Two days and two nights. It was the time it took more than 400 villagers in a flooded Chinese town to raise the walls of a dam to protect their homes from rising water levels. It only took a few hours for the authorities to demolish it.
When the villagers protested, authorities sprayed pepper on their faces.
When the fortress was demolished, flood streams flowed unimpeded into the village, submerging crops in water about 3.3 feet deep, causing power outages.
The villager, Wang Yan, cried when he told The Epoch Times about the desperate sight of Qimencun, the hometown of Henan Province, a state in central China.
“Everything I told you is true, but this content cannot be posted to Douyin,” she said in an interview, referring to the Chinese name for the video-sharing app TikTok.
According to the king and another villager, Li Liang (also known as), authorities described the village’s current state as a lonely island, releasing additional water from upstream.
“Our villagers’ only hope is that the upstream drains less water and does not act too fast, and the downstream has time to drain some water,” said the king. If not, “we are destined.”
To date, floods have affected about 12.9 million people, or about 1 in 9 people in the state, and destroyed about 267,000 acres of crops, according to official data. According to the King and many others, the authorities’ disaster response, or lack of it, exacerbated their distress.
The government-sponsored Red Cross Society of China, which does not belong to the International Committee of the Red Cross, also faces criticism for lack of transparency.
Qiu Kai, a businessman in Zhengzhou, the capital and largest city in Henan, initially saw the Red Cross choose to send flood relief packages on behalf of the business alliance. After talking to the Henan Red Cross manager, he donated 1 million yuan ($ 154,254) under an agreement to control how the money was spent. However, after the transfer, he received only a receipt from the organization.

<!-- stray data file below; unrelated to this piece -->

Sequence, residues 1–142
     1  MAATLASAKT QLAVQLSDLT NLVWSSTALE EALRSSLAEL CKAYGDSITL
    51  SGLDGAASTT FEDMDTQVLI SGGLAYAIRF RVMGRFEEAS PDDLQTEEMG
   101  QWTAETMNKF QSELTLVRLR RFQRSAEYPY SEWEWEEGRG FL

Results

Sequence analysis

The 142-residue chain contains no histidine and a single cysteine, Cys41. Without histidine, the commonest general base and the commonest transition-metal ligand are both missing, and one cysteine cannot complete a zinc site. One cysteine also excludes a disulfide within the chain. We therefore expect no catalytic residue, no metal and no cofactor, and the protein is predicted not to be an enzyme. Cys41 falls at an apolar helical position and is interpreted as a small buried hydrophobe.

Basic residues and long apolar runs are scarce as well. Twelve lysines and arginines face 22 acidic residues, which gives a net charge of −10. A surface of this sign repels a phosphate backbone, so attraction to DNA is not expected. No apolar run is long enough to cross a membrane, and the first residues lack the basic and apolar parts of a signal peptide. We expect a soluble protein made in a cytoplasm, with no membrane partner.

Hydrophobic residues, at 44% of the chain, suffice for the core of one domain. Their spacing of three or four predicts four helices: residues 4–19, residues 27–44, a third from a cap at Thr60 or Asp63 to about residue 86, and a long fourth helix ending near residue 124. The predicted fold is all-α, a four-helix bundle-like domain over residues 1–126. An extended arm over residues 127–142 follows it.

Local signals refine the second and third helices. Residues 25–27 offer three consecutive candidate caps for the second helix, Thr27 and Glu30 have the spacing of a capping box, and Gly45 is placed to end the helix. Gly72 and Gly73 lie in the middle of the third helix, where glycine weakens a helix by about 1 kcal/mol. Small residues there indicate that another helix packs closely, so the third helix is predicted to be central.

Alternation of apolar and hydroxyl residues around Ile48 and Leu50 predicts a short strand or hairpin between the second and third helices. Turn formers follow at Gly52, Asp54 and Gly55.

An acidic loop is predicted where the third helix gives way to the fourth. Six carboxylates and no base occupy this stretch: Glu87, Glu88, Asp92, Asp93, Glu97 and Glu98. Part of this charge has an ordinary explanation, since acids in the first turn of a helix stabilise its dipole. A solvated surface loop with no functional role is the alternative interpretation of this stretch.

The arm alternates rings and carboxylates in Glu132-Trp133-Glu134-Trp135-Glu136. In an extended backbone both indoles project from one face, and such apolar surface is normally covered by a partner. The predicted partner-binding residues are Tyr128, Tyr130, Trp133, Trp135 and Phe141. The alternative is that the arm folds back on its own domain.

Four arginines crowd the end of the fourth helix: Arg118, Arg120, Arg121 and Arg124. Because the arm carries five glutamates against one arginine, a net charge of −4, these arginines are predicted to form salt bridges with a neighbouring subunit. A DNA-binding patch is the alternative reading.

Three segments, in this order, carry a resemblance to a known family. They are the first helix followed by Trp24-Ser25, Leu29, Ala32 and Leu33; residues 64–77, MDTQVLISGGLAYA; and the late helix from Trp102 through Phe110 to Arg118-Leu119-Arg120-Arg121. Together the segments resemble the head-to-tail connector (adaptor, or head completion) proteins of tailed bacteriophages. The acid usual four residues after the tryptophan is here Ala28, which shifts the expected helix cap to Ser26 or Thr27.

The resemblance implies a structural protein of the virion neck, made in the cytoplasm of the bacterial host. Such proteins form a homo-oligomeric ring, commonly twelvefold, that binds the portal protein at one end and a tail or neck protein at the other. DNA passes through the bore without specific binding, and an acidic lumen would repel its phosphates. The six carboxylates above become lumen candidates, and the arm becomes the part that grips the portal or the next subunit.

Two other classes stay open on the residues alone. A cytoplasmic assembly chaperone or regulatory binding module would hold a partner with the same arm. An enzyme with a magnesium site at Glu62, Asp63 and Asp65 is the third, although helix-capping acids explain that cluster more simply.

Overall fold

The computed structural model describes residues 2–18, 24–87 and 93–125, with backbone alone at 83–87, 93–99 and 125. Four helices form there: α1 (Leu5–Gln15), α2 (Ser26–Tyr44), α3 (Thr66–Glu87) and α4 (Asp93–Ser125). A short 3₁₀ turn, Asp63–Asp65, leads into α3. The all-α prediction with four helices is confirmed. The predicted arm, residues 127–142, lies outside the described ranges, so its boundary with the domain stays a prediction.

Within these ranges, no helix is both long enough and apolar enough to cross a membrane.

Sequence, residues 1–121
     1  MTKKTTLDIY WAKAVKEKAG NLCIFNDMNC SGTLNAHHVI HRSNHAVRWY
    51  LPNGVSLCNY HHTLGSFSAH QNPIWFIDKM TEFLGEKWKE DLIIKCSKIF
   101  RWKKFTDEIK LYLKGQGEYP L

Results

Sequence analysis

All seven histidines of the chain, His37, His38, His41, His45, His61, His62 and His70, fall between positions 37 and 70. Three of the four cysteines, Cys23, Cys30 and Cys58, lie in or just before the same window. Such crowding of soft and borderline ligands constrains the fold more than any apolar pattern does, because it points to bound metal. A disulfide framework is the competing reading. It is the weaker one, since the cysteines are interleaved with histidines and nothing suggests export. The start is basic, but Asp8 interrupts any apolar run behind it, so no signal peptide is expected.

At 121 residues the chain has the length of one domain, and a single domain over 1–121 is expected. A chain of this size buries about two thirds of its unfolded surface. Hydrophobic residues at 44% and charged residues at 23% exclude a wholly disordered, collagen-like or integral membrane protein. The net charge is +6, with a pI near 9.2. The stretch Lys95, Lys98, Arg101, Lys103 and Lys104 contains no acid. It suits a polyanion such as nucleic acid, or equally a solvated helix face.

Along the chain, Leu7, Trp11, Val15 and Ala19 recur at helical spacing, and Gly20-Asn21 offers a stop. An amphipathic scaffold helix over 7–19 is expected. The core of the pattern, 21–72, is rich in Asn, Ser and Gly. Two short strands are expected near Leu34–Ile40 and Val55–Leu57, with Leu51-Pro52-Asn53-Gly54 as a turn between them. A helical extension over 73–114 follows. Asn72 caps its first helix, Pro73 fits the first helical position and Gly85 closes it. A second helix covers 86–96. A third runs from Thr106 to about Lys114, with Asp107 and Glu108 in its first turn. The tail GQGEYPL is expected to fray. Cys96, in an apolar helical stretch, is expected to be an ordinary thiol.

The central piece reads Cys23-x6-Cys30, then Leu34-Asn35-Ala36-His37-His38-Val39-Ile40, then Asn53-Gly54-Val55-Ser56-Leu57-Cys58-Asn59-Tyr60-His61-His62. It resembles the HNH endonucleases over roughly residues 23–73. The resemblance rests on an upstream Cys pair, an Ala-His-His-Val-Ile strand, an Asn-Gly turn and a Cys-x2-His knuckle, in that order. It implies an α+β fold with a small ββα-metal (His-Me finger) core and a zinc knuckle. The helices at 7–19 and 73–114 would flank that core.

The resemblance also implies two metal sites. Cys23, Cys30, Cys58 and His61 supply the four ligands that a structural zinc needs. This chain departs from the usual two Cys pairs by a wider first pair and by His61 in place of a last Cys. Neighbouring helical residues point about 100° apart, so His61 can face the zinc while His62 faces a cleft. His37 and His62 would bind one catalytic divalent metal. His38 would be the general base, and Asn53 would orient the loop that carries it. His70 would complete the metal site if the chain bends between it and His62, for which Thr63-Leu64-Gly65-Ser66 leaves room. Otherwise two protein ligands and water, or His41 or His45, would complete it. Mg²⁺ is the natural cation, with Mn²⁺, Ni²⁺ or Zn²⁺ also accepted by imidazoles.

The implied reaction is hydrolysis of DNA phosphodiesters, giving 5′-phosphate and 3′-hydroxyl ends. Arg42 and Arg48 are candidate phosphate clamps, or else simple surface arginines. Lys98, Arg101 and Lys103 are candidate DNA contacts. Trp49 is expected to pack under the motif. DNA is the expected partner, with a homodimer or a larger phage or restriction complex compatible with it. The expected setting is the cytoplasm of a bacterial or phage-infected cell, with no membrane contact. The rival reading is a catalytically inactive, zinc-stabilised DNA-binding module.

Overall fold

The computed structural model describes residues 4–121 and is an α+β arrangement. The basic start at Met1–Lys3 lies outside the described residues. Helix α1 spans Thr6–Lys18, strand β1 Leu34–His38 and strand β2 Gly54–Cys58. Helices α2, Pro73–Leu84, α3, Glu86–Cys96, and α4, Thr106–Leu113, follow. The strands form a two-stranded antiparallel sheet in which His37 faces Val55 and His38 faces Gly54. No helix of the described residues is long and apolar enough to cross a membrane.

Frustrated, he asked the charity manager for a refund, and they were said to be “helpless” and “unable to handle it.” “Probably next year,” he told Qiu. He was frustrated and canceled his donation account.
The Red Cross Society of China has been plagued by reliability issues for years. Since 2008, when we mismanaged donations to victims of a magnitude 8.0 earthquake in Sichuan, southeastern China, we have struggled to regain trust.
Qiu planned to purchase boats, water pumps, life jackets, buoys and ropes totaling more than 50,000 yuan ($ 77,127) and donate them to local governments. But he turns his back every time.
“No one received the goods,” he told The Epoch Times. “No one received or signed the item.” He spent seven hours in one emergency management center alone.
He eventually called the mayor and other officials and was rejected. “It’s relatively stable now and we can send it where we need it,” said one official.
“I talked until I was exhausted,” Qiu said. Currently, most of the relief supplies are stored in warehouses.
Help from Beijing “I can’t see anywhere”
Dozens of civilian-led rescue teams have arrived in the state to provide assistance.
Zhang Ye (also known as), one of the members of the neighboring Hunan province, said he would go to all the flood-ravaged homes to see if anyone was inside. Then take the residents to a safe place to be taken over by local volunteers.
“I can’t see it anywhere,” Zhang told The Epoch Times, as the authorities were working to rescue him.
The villagers welcomed them with enthusiasm, Zhang said, adding that the local children acted as their guides.
On July 25, with the help of villagers, his team rescued about 236 stranded people in one village.
“People give us instructions, we just run where we need it,” he said.
On Saturday night, Zhang’s group had to evacuate from local-sponsored accommodation due to flood water coming in.
They moved to a gas station at the highest point in the village. The locals sent them fresh eggs and blankets.
“The villagers didn’t want us to leave, and we told them we wouldn’t leave,” Zhang recalled. They fell a short sleep. Everyone had a blanket over them when they woke up around 4am — the work of the villagers to thank.
It shows how “essential” their labor was, Zhang said, adding that they were just “doing what they could.”
GuXiaohua contributed to this report.